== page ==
But unfortunately, my revision class and next semester’s timetable is not out yet. To make him feel better, I also told him that I am recording my live classes and have made available the recordings to all my students in the event that our classes clashes. But then again, we know for a fact that students prefer the live classes than recordings.

Right then, I can only hope for the best…

There wasn’t much we can do or perhaps,

just perhaps,

maybe there is something we could do. But somehow, we never thought of it then.

Friday, 23 January 2015

So, who are we?

ACCA Asia-Pacific Lecturers Development Programme in Singapore

I have just come back from the seminar. It was really a tiring and long full day; the entire day was filled with talks after talks and food & drinks that got me so full after each meal. I was finding it difficult to keep awake and attentive. Caffeine failed to fuel my brain. I wonder if that is what my students felt each time they attend my lectures :)

Tuition providers and lecturers, mostly, lecturers are coming from Malaysia, China, Australia (Hmm, I thought they already have CPA Australia and ICAA) and also not forgetting our neighbour, Singapore, the host for this event.

There was an announcement made on the recent collaboration between ACCA and UOL (University of London) for the MSc. I tried to get some details from ACCA but every part of the MSc remains confidential, confidential and confidential. I suppose it will be run just like the OBU Degree where students need to submit an assignment of the sort. However, I did feedback to them to watch the cost as ACCA students are very price sensitive.

One of the speaker Chun Wee for Integrated Reporting <IR> steals the show with excellent depiction of the 2009 movie “Avatar”; a fiction that mimics the reality of threats faced by an indigenous community and further associated it with the importance of <IR> for public acceptance of company activities.

Anyway, <IR> shall be examined throughout all the ACCA papers. I heard from a lecturer that <IR> was pilot-tested in P1 just last sitting (Dec 2014). Hey, watch out for P2 next!

<Well, the original paragraphs have been edited as it reveals some confidential questions being posed during the conference. Anyway, it got me thinking after the conference on the core competences of a good Accountant. Somehow, I am of the opinion that ACCA needs to stick to its core competences or perhaps reinvent itself to be relevant in the industry>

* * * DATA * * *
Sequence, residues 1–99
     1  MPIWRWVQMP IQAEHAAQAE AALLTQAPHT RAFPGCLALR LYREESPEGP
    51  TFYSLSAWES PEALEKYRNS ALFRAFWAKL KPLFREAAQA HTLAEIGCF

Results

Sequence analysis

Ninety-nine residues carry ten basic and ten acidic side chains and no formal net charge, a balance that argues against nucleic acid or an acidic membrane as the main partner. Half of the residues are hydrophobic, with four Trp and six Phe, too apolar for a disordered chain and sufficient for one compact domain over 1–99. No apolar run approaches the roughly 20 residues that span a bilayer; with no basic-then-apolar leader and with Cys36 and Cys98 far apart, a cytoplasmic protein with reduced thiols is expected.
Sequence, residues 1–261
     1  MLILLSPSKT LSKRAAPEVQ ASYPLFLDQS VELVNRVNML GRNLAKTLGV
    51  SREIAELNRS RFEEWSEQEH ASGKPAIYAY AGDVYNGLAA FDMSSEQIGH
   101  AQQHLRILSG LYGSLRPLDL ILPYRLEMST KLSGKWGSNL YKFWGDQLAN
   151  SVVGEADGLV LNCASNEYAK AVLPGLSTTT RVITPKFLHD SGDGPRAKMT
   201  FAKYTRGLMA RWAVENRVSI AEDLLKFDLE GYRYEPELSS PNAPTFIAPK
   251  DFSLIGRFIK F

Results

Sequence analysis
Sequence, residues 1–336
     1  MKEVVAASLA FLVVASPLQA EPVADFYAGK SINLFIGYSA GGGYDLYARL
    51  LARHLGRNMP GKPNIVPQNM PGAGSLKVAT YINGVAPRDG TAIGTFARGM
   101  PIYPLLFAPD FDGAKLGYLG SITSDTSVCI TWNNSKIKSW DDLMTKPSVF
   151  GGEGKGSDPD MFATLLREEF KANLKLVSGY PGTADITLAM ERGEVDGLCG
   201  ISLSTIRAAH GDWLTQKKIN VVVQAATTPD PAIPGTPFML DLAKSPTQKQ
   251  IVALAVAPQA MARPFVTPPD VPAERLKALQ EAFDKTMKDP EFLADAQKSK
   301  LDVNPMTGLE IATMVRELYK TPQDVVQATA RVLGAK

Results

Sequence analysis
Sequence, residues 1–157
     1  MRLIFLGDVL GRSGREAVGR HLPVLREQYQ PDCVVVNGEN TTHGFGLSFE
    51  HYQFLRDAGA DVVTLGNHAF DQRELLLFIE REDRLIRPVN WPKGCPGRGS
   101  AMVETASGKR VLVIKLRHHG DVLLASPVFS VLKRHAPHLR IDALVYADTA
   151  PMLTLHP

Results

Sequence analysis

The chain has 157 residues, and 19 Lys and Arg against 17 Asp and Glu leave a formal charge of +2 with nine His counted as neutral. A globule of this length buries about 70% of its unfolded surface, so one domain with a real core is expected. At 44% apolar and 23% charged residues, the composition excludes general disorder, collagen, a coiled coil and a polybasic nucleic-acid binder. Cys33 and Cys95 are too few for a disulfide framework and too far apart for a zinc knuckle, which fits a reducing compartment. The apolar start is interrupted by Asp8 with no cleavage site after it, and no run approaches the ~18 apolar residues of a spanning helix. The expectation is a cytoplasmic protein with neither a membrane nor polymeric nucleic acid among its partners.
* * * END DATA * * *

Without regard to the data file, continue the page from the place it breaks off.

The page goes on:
<Most lecturers would agree with me that the introduction of Option papers seemed to take away some of the core competences from ACCA students. Bearing in mind that nowadays, most ACCA students got full exemption from all the 9 Foundation papers. Exempted Degree holders are only left with 3 core papers (P1, P2 and P3; with P2 being the only technical accounting paper) and a choice of 2 out of 4 options eg. P4 (Finance), P5 (Performance Management), P6 (Tax) and P7 (Audit). This leaves plenty of rooms for dropping any of the 2 competences, possibly Audit and Tax>

I remember the time when ACCA introduced Option papers and some lecturers just left the lecturing industry as the numbers fell to almost one third. This drop was somehow due to the low passing rate of their option papers and students being students go for ones with higher passing. <This paragraph has been edited too>

It also struck me recently that ACCA has been moving away from its core competences of Financial Accounting Professionals. Supposing if P2 suddenly becomes an option paper, just like the rest of the other technical papers. Then, the core papers are probably only P1 Corporate Governance and P3 Business Analysis making ACCA no different from any Management Degree with major in selected fields of specialization. I see this as being rather like an IDENTITY CRISIS that ACCA students will face in the future. Are ACCA graduates Accounting or Management grad?!!!